With 2015 about to start, I am pleased to continue the development of content and programs that benefit the CFO and the organizations they are committed to. I am excited about the CFO Peer Groups I will be facilitating this coming year, as well as having the opportunity to help organizations hire and develop the best senior financial talent for their needs.

I am also looking forward to making a difference to you.

Best wishes for continued success in 2015!

Samuel

CFOs: Make 2015 the year you take your game to the next level

With 2015 approaching, many senior financial executives are thinking about what the new year will mean to their workload; deadlines, projects, bonuses (both to pay and to be received), staffing concerns and loads of other stresses. The thoughts are all about what needs to get done and what they are ultimately responsible for.

For the busy and stressed Chief Financial Officer with the weight of the world (or at least their company) on their shoulders, the approach of the holidays and the New Year should give you pause. Think about how to make things better.

There are 24 hours in a day, and, whether you plan for it or not, they will always be filled. As my CFOs told me when writing Guide to CFO Success, more than three-quarters of CFOs are putting in more than 110% of their effort into their role as senior financial executive in their organization.

CFOs are expected to accomplish more than just the day to day accounting and finance tasks. They are expected to be leaders. They need to lead their finance team, lead their colleagues at the executive table and lead the company as a whole. You need to remember that, as CFO, your input is needed to help the company make sound strategic and operational decisions.

As the noted in this 2014 study from American Express:

For eight out of ten respondents, the finance function is a strong, if not dominating, influence on strategic and operational decisions. (See Figure) The finance function is involved with strategic and operational decisions at nearly every company, and 80% of respondents say that the finance viewpoint is either an influential factor or the determining factor.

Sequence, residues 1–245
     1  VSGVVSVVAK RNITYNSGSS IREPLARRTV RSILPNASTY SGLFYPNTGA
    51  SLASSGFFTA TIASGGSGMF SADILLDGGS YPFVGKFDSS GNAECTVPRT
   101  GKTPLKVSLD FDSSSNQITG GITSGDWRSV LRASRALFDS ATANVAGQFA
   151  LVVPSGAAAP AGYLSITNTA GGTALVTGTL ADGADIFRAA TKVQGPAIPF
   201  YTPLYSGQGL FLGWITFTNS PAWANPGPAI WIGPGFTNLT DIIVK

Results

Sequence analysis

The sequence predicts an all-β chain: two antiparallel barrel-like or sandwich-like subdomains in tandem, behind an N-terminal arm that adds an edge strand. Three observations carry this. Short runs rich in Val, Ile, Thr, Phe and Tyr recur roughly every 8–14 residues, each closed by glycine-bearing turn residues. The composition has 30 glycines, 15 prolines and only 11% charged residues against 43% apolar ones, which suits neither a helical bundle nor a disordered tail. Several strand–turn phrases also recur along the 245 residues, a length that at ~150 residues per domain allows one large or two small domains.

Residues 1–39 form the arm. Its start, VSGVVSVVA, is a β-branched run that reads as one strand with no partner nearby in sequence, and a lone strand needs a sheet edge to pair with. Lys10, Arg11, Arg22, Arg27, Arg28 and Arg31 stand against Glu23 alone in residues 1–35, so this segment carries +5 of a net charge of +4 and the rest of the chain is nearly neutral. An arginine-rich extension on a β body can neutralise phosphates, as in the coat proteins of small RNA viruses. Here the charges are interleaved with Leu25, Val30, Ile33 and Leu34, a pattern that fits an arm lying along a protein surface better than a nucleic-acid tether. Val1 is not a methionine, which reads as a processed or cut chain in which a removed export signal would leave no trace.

Amex 2014 study - Figure 7

The expectation is that, as leader of Finance, your opinion counts. What you have to say is influential within the company. Yet too many CFOs feel that they are getting stuck in the details.

How can a CFO get unstuck and take their game to the next level?

Formal training

As an experienced professional, you know you can benefit from continued education that makes a real difference to your career and your employer. Options that can benefit you while meeting your busy schedule can include:

  • An Executive MBA – This could be an excellent tool to move you beyond the technical you have relied upon to date. Many Executive MBA programs are tailored to the busy executive and should not impact your work schedule much.
  • CFO oriented Leadership Programs – An executive training program focused on taking a CFO to the next level might be ideal for the senior finance executive that either already has an MBA, or feels the need to build their career knowledge based with a group of similarly experienced individuals. Programs like the Queen’s CFO Leadership Beyond Finance Program, in partnership with FEI Canada, can be an ideal solution.